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1) If $a(n)=O(n^2)$ and $b(n)=O(n^3)$. Can someone tell me how to compute the computational complexity of

$$ c(n)=\sum_{k=1}^{n}a(k)b(k) $$

What rules apply?

I think it might be $O(n^6)$, but this sounds wrong.

2) What now if we have two sums. Suppose $a(n)=O(n^2)$ and $b(n)=O(1)$ and $c(n)=O(1)$ what would the computational complexity of something like this

$$ d(n)=\sum_{k=0}^{n}\sum_{j=0}^{k}c(n-k)b(k-j)a(j) $$

be? I would really like to know how to compute the computational complexity of such types of sums. Any pointers would be appreciated.

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You might want to consider posting this on stackoverflow, one of Math.Stackexchange's sister sites that specializes in computer science. While your question isn't off topic, it might elicit a better response there. –  Sam DeHority Jan 26 '13 at 23:44
    
@DoctorBatmanGod There is also cs.stackexchange.com that can help with time complexity of algorithms. –  OghmaOsiris Jan 26 '13 at 23:45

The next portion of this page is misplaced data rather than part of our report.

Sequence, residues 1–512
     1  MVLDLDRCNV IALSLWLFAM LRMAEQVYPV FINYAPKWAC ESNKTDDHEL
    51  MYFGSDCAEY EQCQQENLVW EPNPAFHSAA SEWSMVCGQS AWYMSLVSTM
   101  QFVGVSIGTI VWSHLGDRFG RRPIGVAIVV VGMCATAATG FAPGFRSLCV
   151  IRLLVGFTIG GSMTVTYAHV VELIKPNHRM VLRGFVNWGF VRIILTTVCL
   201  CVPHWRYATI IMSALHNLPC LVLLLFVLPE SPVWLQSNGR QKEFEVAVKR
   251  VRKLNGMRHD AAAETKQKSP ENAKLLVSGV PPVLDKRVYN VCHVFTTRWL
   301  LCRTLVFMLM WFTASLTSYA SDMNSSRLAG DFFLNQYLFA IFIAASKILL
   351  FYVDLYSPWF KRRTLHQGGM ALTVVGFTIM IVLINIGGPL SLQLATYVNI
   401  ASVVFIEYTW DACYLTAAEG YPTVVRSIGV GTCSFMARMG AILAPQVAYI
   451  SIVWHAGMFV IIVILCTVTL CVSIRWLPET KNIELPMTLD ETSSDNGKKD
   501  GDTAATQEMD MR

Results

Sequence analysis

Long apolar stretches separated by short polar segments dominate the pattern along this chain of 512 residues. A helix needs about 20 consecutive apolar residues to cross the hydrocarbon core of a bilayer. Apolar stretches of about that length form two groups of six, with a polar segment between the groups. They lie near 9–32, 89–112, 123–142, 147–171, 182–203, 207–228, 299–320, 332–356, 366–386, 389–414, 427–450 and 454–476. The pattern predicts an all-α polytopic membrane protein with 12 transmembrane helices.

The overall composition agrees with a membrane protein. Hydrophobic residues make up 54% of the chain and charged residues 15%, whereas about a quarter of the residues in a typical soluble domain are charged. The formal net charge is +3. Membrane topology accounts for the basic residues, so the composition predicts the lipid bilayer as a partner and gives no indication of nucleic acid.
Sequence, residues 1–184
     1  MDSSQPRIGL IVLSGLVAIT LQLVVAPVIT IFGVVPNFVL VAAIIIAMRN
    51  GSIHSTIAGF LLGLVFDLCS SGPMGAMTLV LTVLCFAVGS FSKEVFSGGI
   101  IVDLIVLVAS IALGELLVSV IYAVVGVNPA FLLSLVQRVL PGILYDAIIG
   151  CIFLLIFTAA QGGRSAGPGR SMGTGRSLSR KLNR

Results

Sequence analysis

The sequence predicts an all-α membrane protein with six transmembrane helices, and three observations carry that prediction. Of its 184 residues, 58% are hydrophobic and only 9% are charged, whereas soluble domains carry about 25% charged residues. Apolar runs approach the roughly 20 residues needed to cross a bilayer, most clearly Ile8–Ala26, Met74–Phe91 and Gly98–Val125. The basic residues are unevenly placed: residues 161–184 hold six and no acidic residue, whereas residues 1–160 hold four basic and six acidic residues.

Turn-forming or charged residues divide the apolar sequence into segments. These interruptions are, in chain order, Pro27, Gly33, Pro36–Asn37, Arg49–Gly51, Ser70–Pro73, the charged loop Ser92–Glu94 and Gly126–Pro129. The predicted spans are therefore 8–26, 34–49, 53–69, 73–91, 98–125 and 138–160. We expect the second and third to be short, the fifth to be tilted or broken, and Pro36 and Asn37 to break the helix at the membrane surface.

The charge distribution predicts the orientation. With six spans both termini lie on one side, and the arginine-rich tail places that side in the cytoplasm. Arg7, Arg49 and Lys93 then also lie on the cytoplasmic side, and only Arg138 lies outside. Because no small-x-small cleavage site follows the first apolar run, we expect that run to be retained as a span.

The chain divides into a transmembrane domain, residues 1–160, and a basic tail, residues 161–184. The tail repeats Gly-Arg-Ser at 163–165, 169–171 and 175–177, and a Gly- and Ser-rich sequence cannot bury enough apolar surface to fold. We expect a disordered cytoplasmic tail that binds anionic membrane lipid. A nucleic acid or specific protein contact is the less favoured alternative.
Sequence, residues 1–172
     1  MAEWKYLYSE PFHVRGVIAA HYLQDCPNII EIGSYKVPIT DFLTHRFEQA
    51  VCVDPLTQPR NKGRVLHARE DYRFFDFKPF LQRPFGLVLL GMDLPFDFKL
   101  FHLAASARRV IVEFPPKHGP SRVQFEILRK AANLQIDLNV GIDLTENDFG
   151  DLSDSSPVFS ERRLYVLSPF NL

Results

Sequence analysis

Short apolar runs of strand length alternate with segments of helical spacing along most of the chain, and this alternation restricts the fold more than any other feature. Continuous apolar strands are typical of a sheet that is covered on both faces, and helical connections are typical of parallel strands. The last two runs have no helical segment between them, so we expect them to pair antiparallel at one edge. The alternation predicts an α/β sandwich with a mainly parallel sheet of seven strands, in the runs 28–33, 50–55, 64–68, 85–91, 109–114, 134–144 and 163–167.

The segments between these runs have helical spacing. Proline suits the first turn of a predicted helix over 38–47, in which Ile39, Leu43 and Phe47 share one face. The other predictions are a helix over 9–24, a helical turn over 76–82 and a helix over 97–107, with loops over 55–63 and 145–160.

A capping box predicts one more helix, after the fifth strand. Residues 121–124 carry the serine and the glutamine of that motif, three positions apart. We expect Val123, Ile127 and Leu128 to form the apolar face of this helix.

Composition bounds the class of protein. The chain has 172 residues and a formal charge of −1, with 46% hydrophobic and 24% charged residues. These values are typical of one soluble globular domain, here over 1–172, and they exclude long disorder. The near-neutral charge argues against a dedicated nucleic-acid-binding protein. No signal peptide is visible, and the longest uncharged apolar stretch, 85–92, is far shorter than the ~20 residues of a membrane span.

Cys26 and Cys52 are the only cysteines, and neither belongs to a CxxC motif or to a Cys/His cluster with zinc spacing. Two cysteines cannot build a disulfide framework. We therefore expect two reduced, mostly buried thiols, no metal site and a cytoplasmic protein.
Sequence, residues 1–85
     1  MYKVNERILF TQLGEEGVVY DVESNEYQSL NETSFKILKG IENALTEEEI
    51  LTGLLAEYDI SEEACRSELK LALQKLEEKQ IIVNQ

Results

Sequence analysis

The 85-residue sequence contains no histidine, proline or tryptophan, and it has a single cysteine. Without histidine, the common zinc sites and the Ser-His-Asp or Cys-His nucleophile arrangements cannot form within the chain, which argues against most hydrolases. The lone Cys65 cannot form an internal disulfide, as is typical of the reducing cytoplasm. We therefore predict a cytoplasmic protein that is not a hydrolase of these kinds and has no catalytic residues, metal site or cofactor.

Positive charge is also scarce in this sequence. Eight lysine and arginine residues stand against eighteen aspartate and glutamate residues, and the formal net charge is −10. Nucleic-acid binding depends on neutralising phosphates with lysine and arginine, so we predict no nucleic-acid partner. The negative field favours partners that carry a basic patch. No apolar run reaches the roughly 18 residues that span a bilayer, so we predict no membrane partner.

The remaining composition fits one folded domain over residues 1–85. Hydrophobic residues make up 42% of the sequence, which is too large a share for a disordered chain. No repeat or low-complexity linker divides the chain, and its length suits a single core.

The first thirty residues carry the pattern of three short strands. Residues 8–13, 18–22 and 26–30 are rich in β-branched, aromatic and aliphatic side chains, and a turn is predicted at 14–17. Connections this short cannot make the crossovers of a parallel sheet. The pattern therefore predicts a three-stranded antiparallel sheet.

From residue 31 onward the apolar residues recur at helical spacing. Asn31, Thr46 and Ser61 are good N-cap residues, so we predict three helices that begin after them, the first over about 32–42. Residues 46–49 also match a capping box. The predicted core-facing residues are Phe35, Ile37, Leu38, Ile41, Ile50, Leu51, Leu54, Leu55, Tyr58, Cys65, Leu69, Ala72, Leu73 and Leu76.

For the first one the worst case is when $a(n)=\Theta(n^{2}),b(n)=\Theta(n^{3})$. without loss of generality $a(n)=n^{2},b(n)=n^{3}$. Then bound the sum you have in terms of $n$. For example each element is $\leq n^{6}$and since there are $n$ terms a bound is $n\cdot n^{6}=n^{7}$. But with a more careful analysis you can get this down and get a better upper bound. –  Belgi Jan 26 '13 at 23:45
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@DoctorBatmanGod - Since there is even no code/algorithm in the question I would say that this is the best site for this question –  Belgi Jan 26 '13 at 23:46

1 Answer 1

up vote 1 down vote accepted

For your first question, say $a(k)\le Mk^2$, $b(k)\le Nk^3$. Then your sum is $\le MN(1^5+2^5+\cdots+n^5)$. For large $n$, the sum $1^5+2^5+\cdots+n^5$ behaves like $\frac{1}{6}n^6$. So the $O(n^6)$ is correct.

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